Transcript Factoring by Grouping
Adventure Mike and his girlfriend plan to build a treehouse. Using a snake as a measuring stick, Mike figured out the polynomial expression to represent the total area.
Oh jeez, his girlfriend just remembered – she wants a balcony, so she and Mike can watch the sunset. What can he do? She’s the romantic type. So, to save time, rather than measuring and calculating everything all over again, he can use grouping to factor polynomials.
Standard Form of a Quadratic Polynomial
Let’s take a look at the expression he wrote, 15x²+9x6. Hmm. This looks familiar, doesn’t it? This expression is in the standard form of a quadratic polynomial, ax²+bx+c, but notice it's a trinomial and 'a' is equal to a number other than 1. To figure out the measurements for the sides of the treehouse, how can Mike factor this expression?
Multiplying Binomials
To show him how to factor by grouping, let’s use another problem as an example. To put this method into perspective, we'll start at the end result, with the factors. Working backwards, first, use the FOIL method to multiply the two binomials. Before combining like terms, we have 3x² + 6x – x – 2. To help you understand factoring by grouping, pay attention to the terms that are highlighted. After combining these like terms, the result is a trinomial in standard, quadratic form with 'a' equal to a number other than 1.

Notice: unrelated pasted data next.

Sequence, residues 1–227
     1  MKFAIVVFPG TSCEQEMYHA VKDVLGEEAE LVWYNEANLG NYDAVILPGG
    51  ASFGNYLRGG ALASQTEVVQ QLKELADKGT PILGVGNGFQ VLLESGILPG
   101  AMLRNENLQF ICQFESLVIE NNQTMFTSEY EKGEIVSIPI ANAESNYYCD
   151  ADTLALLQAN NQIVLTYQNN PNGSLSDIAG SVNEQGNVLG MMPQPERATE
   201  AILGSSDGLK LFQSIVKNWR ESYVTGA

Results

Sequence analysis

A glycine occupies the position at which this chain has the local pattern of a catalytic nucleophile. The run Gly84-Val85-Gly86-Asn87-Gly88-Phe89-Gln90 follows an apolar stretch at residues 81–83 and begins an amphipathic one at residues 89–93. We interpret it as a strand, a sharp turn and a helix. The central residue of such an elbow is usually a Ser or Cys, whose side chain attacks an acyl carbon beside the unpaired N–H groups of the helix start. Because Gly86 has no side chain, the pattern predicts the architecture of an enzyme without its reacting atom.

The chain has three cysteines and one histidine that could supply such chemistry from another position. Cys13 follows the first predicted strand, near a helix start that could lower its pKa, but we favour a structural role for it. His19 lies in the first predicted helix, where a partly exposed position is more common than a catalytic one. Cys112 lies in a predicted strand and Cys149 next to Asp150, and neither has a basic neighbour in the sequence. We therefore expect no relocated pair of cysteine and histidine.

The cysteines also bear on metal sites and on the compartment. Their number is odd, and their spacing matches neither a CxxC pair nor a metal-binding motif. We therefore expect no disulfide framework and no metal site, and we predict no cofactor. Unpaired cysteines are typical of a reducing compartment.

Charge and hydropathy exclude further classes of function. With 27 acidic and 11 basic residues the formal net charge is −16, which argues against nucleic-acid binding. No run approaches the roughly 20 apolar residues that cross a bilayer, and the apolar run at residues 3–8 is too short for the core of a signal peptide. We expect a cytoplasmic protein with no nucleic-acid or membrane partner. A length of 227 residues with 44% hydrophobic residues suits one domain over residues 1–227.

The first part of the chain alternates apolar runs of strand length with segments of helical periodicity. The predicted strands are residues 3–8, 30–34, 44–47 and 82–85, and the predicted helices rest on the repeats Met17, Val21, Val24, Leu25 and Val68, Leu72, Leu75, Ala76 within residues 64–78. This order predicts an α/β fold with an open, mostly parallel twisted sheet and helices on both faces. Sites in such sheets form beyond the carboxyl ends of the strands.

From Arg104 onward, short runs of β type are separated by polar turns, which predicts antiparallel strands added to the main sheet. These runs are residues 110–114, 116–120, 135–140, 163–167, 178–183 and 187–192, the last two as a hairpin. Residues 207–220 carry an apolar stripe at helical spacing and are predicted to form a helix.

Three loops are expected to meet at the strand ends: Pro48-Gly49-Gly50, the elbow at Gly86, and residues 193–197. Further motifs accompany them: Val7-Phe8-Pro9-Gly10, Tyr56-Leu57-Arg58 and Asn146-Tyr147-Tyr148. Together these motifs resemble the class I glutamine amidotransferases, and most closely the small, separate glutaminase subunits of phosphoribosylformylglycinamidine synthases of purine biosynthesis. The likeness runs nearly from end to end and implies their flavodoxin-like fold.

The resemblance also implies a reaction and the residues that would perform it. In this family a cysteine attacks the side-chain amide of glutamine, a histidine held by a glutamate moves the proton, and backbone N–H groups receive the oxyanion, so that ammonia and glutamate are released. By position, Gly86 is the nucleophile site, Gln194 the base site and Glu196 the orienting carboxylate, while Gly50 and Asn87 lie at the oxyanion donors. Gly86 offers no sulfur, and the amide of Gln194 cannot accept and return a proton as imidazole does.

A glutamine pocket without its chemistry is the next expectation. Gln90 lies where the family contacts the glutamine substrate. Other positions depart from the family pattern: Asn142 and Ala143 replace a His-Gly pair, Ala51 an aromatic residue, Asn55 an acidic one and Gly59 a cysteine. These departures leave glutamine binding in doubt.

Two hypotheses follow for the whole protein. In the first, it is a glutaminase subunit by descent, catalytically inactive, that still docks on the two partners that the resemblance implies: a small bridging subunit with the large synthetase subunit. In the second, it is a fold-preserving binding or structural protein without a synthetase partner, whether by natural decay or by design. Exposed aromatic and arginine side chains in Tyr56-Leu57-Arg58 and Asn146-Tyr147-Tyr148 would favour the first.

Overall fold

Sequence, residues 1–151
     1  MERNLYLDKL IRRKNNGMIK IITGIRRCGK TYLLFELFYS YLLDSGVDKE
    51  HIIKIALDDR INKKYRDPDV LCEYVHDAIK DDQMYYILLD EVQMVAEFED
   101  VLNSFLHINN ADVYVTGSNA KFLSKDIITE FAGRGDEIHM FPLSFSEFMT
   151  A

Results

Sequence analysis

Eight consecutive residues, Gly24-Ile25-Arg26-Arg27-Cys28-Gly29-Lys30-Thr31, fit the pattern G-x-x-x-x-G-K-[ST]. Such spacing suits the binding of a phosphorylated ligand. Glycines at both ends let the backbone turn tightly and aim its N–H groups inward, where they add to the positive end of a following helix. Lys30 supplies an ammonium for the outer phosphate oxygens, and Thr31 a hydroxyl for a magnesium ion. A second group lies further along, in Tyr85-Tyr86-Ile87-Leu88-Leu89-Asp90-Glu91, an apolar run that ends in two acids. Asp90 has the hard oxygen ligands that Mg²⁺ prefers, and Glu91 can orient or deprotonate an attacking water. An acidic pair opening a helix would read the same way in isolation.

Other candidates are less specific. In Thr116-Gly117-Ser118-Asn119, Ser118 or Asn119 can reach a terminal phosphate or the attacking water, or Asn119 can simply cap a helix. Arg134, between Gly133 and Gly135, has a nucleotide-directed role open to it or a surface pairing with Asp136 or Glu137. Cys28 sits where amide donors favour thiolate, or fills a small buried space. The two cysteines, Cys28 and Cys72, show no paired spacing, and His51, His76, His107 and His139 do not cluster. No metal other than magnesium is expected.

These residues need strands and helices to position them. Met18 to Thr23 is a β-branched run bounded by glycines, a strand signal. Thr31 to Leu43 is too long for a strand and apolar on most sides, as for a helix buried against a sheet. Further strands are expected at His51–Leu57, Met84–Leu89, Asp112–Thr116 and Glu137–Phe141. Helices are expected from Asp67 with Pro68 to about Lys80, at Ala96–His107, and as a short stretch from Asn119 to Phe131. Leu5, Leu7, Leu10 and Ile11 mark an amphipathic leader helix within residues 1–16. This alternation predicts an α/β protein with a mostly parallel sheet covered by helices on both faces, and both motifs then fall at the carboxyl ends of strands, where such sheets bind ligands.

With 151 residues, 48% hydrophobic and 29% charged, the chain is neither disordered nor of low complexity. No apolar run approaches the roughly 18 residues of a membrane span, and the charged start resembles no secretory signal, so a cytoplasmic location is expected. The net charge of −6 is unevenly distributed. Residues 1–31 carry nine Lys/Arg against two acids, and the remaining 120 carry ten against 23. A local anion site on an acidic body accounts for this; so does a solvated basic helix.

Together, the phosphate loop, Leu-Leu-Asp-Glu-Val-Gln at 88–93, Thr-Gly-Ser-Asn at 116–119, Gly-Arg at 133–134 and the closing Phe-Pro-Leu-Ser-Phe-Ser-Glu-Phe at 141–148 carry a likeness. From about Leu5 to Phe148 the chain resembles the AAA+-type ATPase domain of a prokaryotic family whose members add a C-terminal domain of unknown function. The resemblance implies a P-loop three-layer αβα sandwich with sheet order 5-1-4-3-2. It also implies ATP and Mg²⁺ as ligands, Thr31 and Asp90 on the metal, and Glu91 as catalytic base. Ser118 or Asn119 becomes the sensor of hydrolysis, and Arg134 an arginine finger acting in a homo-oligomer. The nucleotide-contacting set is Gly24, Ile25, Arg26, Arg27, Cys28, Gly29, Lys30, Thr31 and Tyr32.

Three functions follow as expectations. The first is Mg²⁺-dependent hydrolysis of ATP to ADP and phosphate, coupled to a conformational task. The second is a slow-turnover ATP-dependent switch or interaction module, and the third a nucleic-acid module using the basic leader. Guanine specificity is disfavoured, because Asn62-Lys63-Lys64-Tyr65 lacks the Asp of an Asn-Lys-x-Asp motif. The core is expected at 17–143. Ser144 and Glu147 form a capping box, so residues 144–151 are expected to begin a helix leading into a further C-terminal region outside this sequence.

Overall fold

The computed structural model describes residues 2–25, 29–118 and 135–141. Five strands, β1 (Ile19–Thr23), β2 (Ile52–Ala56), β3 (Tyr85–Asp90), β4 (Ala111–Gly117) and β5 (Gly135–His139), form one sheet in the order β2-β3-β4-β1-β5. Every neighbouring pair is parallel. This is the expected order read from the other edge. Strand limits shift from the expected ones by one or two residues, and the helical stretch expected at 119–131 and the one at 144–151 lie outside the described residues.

Finding the factored form
Let’s work on Mike’s problem. Okay, so how do you get from the standard form to the factored form when 'a' is not equal to 1? There's a little trick to doing this. We need to find the factors of 'ac' that sum to 'b'. a = 15 and c = 6. So since 'ac' = 90, here's a list of some of the factors of 90 – let's take a look. Hmm can you find the pair of factors that also sum to 9? That's right. 6 and 15 are factors of 90 and sum to 9.
Now, watch carefully while I do some mathemagic. Write two new terms using the factors of 'ac' that sum to 'b', and multiplied by 'x'.
Does this format look familiar? Remember the highlighted terms  from the example problem? Now to group, use parentheses to group the four terms into two binomials. This is a little tricky because you have to group the terms so that, when you factor out the GCF, the remaining binomial is the same for each. Also, be especially careful you don't make a sign error. Last step, combine the two GCFs, to create a new binomial. The polynomial is factored!
Adventure Mike has the measurements for the two sides of the treehouse. If his girlfriend wants a bigger treehouse, it won’t be a problem because he can just adjust the size of the sides.
Let’s fast forward, the treehouse is finally finished. To remember the special moment, Adventure Mike snaps some photos. Let's look Oh no! It seems like Mike has been alone in the jungle  just a little too long…

Introduction to Polynomials – Naming Polynomials by Number of Terms

Adding Polynomials

Multiplying Polynomials

Multiplying Special Case Polynomials

Factoring out the GCF

Factoring Trinomials with a = 1

Factoring Trinomials with a ≠ 1

Factoring Special Case Polynomials

Factoring by Grouping

Subtracting Polynomials